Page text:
Last Sunday my photography club met at the Oregon Zoo at 8:00 am (who knew they opened that early) to take photos of the animals. Unfortunately, many of the animals weren't on display since their enclosures were being cleaned. Bob, one of the elephant keepers at the zoo saw our group and asked if we'd be interested in a backstage tour of the elephant area so we could meet one of the elephants up close and personal...ummm...heck yeah!
Bob led our group behind the elephant barn and lined us all up against a fence. He asked us to stay there while he went to get Chendra. Chendra was found orphaned at a palm oil plant in Malaysia. She had a gunshot wound to her left eye, which left her blind in that eye, and a badly infected foot. Unable to return her to the wild, the Malyasian government allowed the Oregon Zoo to transport her here where she would be safe.
First she lifted each one of her feet to get the bottom washed. I was amazed at how well she understood Bob's commands. "Left up", "Right up"...and up went her feet one at a time. He proceeded to wash her all over while she turned and then laid down.
Bob then told us we could get closer to her if we wanted. Everyone in my group stayed back. But I couldn't resist...she was so sweet. So I stepped forward. I was a little nervous...she's a very large animal. But she just stood there and let me approach her. And then I looked in her eye (the one that wasn't blind). I was amazed at what I saw. She looked back at me with as sweet a look as my dog gives me. I was hooked...yes, I fell in love with Chendra.
I asked Bob if I could touch her, and to my surprise he said yes. I reached out and rested my hand on her trunk. It was rough, and thick with coarse wirey hairs. I talked to her and she reached her trunk up to me and after blowing warm air in my face, gently touched the end of her trunk to my cheek.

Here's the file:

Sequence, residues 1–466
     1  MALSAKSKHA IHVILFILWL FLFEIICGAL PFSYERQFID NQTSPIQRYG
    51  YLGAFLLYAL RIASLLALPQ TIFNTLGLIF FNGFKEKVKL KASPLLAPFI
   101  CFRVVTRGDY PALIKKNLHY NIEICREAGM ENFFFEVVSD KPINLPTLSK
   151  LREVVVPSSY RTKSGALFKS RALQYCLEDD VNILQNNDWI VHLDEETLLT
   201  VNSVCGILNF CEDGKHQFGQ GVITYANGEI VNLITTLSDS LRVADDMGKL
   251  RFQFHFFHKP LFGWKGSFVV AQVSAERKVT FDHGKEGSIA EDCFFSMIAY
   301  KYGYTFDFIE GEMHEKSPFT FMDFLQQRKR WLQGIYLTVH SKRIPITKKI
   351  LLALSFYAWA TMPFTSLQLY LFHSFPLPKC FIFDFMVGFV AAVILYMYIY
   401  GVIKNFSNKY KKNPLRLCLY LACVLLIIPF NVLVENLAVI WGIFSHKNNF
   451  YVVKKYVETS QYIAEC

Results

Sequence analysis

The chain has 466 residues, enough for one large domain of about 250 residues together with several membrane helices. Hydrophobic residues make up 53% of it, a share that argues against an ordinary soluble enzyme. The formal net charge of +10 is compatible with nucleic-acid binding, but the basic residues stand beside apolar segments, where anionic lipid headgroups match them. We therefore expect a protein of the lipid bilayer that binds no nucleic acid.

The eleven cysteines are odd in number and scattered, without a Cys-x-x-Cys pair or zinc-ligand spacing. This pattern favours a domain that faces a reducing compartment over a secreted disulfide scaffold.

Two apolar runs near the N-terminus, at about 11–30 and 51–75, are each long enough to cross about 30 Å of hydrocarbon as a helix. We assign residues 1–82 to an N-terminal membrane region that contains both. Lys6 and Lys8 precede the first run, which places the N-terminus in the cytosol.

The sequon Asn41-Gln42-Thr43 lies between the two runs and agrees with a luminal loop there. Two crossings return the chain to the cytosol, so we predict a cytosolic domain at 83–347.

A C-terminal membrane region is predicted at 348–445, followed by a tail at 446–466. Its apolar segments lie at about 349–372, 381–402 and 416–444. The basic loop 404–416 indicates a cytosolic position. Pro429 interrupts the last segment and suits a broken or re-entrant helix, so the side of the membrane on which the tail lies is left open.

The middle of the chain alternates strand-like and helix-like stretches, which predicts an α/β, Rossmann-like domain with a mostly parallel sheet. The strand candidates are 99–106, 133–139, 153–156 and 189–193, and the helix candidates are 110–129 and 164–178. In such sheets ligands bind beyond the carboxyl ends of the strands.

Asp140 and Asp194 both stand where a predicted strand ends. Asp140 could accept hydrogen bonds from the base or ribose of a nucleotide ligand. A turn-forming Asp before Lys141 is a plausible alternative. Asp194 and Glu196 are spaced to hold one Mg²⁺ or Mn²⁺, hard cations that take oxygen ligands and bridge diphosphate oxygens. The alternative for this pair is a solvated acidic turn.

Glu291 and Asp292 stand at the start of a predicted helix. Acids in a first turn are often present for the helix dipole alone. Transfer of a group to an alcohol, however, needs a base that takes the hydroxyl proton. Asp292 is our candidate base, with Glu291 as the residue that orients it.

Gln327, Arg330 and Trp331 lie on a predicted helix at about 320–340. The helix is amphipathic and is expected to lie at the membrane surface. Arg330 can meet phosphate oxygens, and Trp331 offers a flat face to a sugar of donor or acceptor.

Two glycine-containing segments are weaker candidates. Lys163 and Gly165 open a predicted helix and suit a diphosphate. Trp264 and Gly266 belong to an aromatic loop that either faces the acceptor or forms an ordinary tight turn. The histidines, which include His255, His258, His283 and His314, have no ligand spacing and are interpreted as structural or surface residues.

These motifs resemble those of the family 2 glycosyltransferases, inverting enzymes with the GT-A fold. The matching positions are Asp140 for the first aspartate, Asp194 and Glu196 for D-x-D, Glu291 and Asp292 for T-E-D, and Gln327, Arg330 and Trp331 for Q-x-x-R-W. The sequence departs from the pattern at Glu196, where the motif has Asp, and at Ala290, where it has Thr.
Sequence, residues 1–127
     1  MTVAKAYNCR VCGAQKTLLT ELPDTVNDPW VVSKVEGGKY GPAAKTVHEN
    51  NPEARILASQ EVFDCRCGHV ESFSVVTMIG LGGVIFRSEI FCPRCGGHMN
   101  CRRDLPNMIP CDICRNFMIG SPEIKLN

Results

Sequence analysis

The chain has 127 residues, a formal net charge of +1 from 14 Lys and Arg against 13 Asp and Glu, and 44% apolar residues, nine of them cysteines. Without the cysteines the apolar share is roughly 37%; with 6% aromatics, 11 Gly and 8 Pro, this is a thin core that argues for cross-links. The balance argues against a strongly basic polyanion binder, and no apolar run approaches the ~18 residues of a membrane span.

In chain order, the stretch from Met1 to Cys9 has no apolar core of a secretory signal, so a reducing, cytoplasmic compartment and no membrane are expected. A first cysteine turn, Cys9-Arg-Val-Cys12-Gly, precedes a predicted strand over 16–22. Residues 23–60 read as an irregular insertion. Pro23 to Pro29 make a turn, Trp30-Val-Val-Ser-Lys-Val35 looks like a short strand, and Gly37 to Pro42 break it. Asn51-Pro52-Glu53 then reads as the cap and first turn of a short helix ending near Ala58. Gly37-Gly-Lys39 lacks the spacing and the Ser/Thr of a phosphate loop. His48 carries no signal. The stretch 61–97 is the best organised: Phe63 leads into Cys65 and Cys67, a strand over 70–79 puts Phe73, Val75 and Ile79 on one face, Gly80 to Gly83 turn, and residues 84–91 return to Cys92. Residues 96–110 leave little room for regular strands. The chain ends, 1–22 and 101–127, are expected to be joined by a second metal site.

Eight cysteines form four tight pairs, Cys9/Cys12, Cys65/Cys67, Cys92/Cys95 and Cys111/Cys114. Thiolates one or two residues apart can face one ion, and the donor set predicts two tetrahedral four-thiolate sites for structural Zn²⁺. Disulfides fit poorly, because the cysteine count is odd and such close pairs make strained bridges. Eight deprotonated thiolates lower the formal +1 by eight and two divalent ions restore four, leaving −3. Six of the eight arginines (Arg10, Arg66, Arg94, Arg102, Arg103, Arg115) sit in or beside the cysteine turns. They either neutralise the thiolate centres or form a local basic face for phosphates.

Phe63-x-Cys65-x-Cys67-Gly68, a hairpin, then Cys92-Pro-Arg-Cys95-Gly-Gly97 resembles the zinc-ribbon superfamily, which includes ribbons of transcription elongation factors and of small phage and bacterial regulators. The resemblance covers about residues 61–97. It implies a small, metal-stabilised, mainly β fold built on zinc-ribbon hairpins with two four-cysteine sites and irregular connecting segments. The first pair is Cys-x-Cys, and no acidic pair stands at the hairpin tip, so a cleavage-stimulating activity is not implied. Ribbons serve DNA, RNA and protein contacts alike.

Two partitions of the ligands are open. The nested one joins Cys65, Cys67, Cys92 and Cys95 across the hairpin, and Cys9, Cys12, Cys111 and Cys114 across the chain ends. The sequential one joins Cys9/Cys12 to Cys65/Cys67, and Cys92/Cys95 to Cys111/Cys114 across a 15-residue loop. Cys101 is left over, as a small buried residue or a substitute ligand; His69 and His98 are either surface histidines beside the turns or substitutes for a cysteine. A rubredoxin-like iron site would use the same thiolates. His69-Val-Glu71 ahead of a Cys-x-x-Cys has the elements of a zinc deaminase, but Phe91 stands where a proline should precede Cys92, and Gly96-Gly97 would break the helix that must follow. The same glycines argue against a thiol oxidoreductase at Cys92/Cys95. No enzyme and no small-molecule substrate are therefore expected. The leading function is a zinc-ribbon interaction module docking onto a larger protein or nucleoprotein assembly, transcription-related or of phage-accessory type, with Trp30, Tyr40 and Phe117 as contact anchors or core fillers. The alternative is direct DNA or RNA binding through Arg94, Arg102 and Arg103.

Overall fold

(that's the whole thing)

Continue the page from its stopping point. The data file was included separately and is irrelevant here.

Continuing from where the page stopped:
At this point, a few of the others in my group approached her to pet her as well. I crouched down on the ground to take more pictures and to my surprise she again approached me with her trunk extended, blowing warm air in my face and touching her trunk to me.
Bob then let us all feed her carrots and apples. She took them gently from our outstretched hands and after each treat, she waited to be patted on her trunk before moving on to get the next treat.
Bob then told her to "go play" and she moved to a corner with some sticks and branches and began tossing them around and pulling the leaves off the branches to eat them.
Bob told us she was one of the smaller elephants in the herd, and probably the most well behaved. Because of this, sometimes after hours they let her walk around the zoo (with a human escort of course). I asked what she liked to look at....."the sealions, they're her favorite to watch". Chendra and I have something in common....I could watch sealions for hours too.
I always knew elephants were intelligent. But I wasn't prepared to be able to feel a connection to this large creature. It was as if I could feel her emotions...I could sense her soul. I know, I know...that sounds a little far-fetched, and if someone else had told me this I would be skeptical too...it took me by surprise. It was an experience I'll never forget. And next time I'm at the zoo...the first place I'm going is to the elephant barn to see if my friend Chendra is around...maybe she'll remember me and extend a trunk in greeting.